Taking control of the game: Favre's seven 300-yard games in 2007 tied Romo for second place in the league, just a game off the stellar pace of Brady.
In the clutch: Out of the quarterbacks who threw the ball at least 100 times on third down last season, Favre had the fifth-best completion rate at 62.3 percent. And his passer rating of 92.6 was seventh-best. Among that same group of quarterbacks, his fourth quarter performances in 2007 earned him a fifth-best ranking in both completion rate (62.6 percent) and passer rating (91.2).
Under pressure: Against the blitz, Favre's 65.5-percent completion rate was second only to Brady's 70.8 percent. But one downside is that he threw nine interceptions, putting him in a tie for worst with Tennessee's Vince Young when compared to other QBs with at least 100 pass attempts against a blitz.
He's consistent: At home or away, Favre has put together career numbers that are remarkably similar: His completion percentage at home is 61.5 versus 61.3 during away games. He's thrown 226 touchdown passes at home, and 216 as a member of the visiting team. Favre's completed 219 passes for 25-plus yards at home and 214 on the road. And, on average, he's only thrown slightly more than one interception per season during away games than home games.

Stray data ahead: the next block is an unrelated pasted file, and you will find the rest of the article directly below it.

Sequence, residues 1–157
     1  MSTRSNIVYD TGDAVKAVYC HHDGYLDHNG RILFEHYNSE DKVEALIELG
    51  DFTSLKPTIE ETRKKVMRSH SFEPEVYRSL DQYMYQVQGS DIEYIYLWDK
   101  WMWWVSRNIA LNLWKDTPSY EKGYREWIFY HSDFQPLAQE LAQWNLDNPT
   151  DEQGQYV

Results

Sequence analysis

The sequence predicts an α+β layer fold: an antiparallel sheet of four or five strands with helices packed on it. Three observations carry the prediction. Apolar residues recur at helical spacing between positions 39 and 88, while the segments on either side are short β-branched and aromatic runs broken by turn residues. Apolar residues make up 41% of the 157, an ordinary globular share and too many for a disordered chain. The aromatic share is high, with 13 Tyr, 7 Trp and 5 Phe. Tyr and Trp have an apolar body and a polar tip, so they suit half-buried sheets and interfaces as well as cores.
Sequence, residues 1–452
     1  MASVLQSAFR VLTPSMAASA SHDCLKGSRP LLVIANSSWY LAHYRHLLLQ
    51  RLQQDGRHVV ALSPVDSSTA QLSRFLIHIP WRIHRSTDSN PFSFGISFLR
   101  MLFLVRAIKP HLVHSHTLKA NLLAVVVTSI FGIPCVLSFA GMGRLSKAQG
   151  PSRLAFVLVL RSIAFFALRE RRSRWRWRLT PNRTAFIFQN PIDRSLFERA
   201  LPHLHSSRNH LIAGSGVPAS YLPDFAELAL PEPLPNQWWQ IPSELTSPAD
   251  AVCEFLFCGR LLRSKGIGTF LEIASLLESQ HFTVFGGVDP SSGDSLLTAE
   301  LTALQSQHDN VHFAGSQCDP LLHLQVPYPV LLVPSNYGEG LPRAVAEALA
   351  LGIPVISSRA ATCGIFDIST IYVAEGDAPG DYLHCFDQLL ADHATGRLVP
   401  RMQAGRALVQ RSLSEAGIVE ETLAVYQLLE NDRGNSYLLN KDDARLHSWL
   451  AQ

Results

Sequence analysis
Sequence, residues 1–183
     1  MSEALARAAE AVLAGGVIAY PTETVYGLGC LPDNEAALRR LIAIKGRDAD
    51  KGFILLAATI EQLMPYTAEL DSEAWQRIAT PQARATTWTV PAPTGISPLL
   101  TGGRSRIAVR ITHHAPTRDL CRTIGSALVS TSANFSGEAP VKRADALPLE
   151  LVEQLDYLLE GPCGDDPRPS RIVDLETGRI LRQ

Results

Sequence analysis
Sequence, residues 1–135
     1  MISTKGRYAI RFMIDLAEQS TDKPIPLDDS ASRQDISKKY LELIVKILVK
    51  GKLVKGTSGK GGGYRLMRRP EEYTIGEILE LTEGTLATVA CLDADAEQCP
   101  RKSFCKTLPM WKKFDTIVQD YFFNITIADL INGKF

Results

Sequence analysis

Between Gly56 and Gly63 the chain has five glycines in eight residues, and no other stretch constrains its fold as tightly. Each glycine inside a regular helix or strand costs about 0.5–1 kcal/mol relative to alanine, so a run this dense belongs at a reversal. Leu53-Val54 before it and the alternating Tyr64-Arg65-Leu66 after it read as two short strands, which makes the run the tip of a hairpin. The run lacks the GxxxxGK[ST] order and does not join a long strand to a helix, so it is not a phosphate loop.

Big-play ability: The former Packer ranked sixth in the league with 49 passes for 20-plus yards in 2007. And he tied for fourth place with ten 20-plus-yard touchdown passes.
Spreading it around: Last season, Favre threw 21.7 percent of his passes to his running backs, 18.8 percent to his tight ends, and 56.5 percent to his wide receivers. But in New York, don't be surprised to see him throw more to the tight ends than to his running backs with Chris Baker, former Packers teammate Bubba Franks, and talented rookie Dustin Keller running routes.
A member of the Pro Football Writers of America, Ed Thompson's player interviews and NFL features are published across the Scout.com network and at FOXSports.com. You can contact him by email through this link.
Statistics referenced in this article are provided by STATS, LLC. Copyright 2008
by STATS, LLC. Any use or distribution of such Licensed Materials without the
express written consent of STATS is strictly prohibited.